The present appeal challenged the judgment passed by the High Court of Judicature at Allahabad whereby the Division Bench of the High Court dismissed the writ petition filed by the appellants. Whether the High Court was justified in holding that the appellants were not entitled to any compensation even when their forest land was acquired by the government, merely because the appellants had not derived any income from the said forest, was determined in the present case.
The appellant’s father had in the year 1945 acquired proprietary right in an Estate known as Beni Tal Fee Simple Estate situated in Pargana Chandpur, Tehsil Karan Prayag, District Chamoli, Uttarakhand (“the property in question”) which comprised of large tracts of forest spanning in and around 1600 acres. By a Gazette Notification dated 21st December, 1977 under Section 4-A of the Kumaun and Uttarakhand Zamindari Abolition and Land Reforms Act, 1960 ( “KUZALR Act”) as amended by the U.P. Act No. 15 of 1978, the rights, title and interest of every hissedar in respect of forest land situated in the specified areas ceased with effect from 01st January, 1978 and the same were vested in the State Government. A notice issued by the Assistant Collector, Karan Prayag, District Chamoli, under Rule 2 of the Kumaun and Uttrakhand Zamindari Abolition and Land Reform Rules, 1965 (“the KUZALR Rules”) framed under the KUZALR Act was served upon the appellants intimating them that effective from 1st January, 1978, the rights, title and interest of hissedar in respect of the property in question had vested in the State Government free from all encumbrances and it invited objections and statement, if any, relating to the compensation qua the property in question. Assailing the aforesaid notice issued by the Assistant Collector, the appellants preferred a writ petition under Article 32 of the Constitution before the Supreme Court. In 1978 while disposing the writ petition, the Supreme Court passed the following order “We are of the opinion that it will be better if the Petitioner files a petition under Article 226 of the Constitution in the High Court. This Petition is therefore allowed to be withdrawn.”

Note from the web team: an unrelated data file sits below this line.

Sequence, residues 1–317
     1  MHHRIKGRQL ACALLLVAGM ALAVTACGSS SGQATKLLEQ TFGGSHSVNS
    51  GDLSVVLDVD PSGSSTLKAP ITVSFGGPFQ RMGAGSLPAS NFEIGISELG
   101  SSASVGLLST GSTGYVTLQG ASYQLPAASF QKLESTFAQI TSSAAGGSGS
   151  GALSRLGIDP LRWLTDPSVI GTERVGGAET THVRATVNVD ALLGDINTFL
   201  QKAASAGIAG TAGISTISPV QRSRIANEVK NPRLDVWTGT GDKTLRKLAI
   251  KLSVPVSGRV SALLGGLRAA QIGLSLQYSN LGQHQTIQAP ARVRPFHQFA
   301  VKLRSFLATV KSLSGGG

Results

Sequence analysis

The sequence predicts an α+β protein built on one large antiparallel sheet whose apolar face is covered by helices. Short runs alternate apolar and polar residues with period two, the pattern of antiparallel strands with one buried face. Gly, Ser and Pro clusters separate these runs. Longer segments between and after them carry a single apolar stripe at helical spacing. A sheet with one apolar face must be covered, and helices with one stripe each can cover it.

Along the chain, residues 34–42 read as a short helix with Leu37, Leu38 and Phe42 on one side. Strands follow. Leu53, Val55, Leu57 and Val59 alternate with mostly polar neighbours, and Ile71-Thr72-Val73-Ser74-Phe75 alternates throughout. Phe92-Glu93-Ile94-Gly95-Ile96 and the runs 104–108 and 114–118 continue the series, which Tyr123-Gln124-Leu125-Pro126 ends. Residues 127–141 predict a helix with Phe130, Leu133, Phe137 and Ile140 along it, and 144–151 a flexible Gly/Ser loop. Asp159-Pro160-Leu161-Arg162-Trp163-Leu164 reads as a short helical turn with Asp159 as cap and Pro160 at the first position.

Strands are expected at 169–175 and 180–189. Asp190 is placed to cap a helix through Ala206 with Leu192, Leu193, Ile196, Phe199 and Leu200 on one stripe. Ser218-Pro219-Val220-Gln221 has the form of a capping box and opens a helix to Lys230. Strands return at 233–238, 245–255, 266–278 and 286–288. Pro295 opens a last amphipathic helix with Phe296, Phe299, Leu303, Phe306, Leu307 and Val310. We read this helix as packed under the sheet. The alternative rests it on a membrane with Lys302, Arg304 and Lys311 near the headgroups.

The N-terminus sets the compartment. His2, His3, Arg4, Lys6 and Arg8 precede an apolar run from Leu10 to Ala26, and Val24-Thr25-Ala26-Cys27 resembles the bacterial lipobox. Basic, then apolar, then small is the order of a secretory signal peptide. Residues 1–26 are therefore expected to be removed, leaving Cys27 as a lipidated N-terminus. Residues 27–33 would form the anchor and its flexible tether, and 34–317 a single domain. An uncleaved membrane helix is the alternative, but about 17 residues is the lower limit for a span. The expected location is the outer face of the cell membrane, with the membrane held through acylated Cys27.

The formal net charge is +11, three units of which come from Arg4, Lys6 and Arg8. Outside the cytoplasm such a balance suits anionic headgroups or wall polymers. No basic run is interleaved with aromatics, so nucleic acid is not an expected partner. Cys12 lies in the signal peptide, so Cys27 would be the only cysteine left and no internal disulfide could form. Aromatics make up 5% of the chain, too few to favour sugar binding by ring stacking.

Subsequently, in 1979 the appellants filed objections to the notice issued by the Assistant Collector challenging the vires of the KUZALR Act and also stating that no profit was being made from the property in question. By an order dated 11th April 1988, the Assistant Collector dismissed the objections of the appellants by observing that that he had no jurisdiction to consider the legal validity of the KUZALR Act. With regard to the issue of compensation, the Assistant Collector held that since the KUZALR Act did not provide for a method to compute compensation in cases where no income has been derived from the forests, the appellants were not entitled to any compensation. Feeling aggrieved, the appellants preferred a writ petition in the High Court of Judicature at Allahabad questioning the legality and validity of the order of the Assistant Collector and also challenging the constitutional validity of Sections 4A, 18(1)(cc) and 19(1)(b) of the KUZALR Act. The High Court dismissed the writ petition.
Section 4A was added to the KUZALR Act and private forests were brought within its purview. Kumaun and Uttarakhand Zamindari Abolition and Land Reforms Act, 1960, which was a State legislation received the assent of the President of India on 10th September, 1960. The amendment brought in 1978 through UP Act 15 of 1978 to the said Act also received the assent of the President on 26th April, 1978.